Polycystic kidney disease (PKD)
What happens in polycystic kidney disease?
Polycystic kidney disease (often shortened to PKD or ADPKD for Autosomal Dominant PKD) is the commonest inherited cause of kidney failure. Not everyone with PKD gets trouble from their kidneys, but up to 10% of patients on dialysis or with a kidney transplant are due to PKD.
Overall about 50% of patients with PKD require dialysis or a kidney transplant at some time in their lives, but this varies between families. In some families kidney failure tends to occur in middle age, in others it happens in old age, or not at all. However you may get trouble much earlier or later than your family average.
Can anything else cause kidney cysts?
It is quite common for healthy people to have one or two cysts, and occasionally people may have several. But when the kidneys are enlarged and filled with many cysts, PKD is the most likely diagnosis. There are some other rare diseases that very occasionally cause many kidney cysts.
Infantile polycystic kidney disease (ARPKD, Autosomal Recessive Kidney Disease) is rare, causes liver damage as well as kidney trouble, and can cause very severe illness in infancy and childhood. It is not the same as the disease that occurs in adults. (More about ARPKD rarerenal.org)
What kidney trouble does PKD cause?
Almost all patients with PKD develop high blood pressure – this is a problem with many kidney diseases. They often have abnormal urine tests also.
If you have many cysts when you are very young, renal failure and other kidney problems are more likely.
The cysts may cause pain if there is bleeding into them, and sometimes they may become infected, requiring antibiotic treatment. Very large kidneys may cause discomfort just because of their size. Occasionally bleeding may occur into the urine which may look dramatic, but usually settles on its own.
What else can PKD do?
Cerebral aneurysms: Some people with PKD develop weaknesses of blood vessels beneath the brain, which develop into aneurysms (swellings) that can rupture to cause a subarachnoid haemorrhage. This is unusual, but more likely to happen in some families. Treatment for any aneurysms that are found carries significant risks. Screening is therefore only suggested if a close family member has had a subarachnoid haemorrage.
Kidney stones: People with PKD get more kidney stones than others. It is not known why. The diagnosis may be hard to make, because PKD patients may often have blood in their urine on testing, and they have other reasons for pain in the region of the kidneys.
Other: People with PKD are more likely to develop hernias. This can be a problem on peritoneal dialysis. Diverticular disease of the colon is more common. And there seems to be an increased rate of ‘floppiness’ of one of the heart valves, although this is rarely important.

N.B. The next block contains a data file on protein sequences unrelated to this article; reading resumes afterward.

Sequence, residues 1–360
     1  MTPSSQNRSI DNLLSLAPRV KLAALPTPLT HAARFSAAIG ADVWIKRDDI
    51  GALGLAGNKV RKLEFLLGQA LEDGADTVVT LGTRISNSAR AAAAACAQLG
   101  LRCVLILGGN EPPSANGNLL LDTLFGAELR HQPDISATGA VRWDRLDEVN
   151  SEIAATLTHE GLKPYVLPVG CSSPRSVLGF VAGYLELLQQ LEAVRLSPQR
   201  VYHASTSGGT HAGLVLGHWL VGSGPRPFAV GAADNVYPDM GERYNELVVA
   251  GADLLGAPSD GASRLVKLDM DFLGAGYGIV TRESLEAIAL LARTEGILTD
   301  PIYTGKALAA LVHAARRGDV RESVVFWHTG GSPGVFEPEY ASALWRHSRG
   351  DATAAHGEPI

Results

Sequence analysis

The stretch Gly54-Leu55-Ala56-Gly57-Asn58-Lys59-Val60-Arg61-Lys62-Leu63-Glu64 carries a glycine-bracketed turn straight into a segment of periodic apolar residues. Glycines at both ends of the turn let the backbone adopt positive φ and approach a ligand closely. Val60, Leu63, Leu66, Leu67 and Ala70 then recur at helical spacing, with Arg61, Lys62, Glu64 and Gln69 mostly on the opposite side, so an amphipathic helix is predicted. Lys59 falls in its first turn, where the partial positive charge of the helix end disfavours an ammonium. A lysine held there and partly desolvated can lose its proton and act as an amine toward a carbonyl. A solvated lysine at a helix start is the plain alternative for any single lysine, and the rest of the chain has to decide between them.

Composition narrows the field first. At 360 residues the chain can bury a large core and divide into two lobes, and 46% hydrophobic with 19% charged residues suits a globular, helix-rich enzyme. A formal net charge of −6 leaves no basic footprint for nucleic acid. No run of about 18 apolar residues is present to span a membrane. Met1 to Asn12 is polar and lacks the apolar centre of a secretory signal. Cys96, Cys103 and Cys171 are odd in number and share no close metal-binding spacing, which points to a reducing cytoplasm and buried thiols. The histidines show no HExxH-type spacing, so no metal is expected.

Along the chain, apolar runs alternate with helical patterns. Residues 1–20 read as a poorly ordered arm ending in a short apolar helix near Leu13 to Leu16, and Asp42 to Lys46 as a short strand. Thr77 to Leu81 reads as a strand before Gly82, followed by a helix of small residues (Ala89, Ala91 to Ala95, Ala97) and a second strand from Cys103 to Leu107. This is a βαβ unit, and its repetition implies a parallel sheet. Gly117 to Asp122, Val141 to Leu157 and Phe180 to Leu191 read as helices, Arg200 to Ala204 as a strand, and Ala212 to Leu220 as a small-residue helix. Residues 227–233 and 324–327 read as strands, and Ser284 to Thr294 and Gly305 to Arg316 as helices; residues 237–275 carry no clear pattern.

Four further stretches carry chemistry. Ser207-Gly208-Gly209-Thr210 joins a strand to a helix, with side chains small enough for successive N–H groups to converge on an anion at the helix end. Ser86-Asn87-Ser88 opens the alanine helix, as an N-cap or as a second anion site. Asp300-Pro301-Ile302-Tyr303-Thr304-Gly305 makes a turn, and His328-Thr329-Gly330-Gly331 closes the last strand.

Can I pass it on to my children?
Yes. On average, 1 in 2 of your children will inherit the faulty gene. There can be quite a lot of variation in severity within one family, so that while the average age of kidney failure may be (for example) aound 50, there could be family members getting kidney failure in their 30s or younger, and some who never do.
PKD may be inherited from either your mother or your father. They may not know that they carry the disease. Sometimes the disease appears in a family for the first time.
How can family members tell whether they have the disease?
The simplest test is an ultrasound scan, which does not involve exposure to X-rays or any discomfort. This can show cysts developing. If it shows a lot of cysts, you definitely have the disease. Unfortunately, because the cysts develop very slowly in some people, a negative result does not prove that you do not have the disease until you are about 30yrs old. However the later you develop cysts, the less likely they are to cause you any serious health problems. Other types of scan, such as a CT or MRI scan, may help if there is uncertainty, and can now be part of assessing whether treatment is justified (see below).
First signs of the disease usually occur in early adult life. There may be blood in the urine on testing, and high blood pressure. It is unusual to have other symptoms early on.
Can I have genetic testing?
Genetic testing uses your own DNA (usually from a blood test) to identify whether you have inherited a particular condition or gene. The genes involved in PKD are large and complicated, but testing methods are getting much better. Tests are now available for some families in the UK, e.g. if someone wants to be a kidney donor. It is likely that genetic tests will become more routine in the next few years.
Sometimes the tests don’t give a definite answer.
Treatments to slow PKD
There isn’t a cure for PKD, but treatment is now becoming available to slow down the growth of cysts. All treatments are likely to have some risks and possible side effects.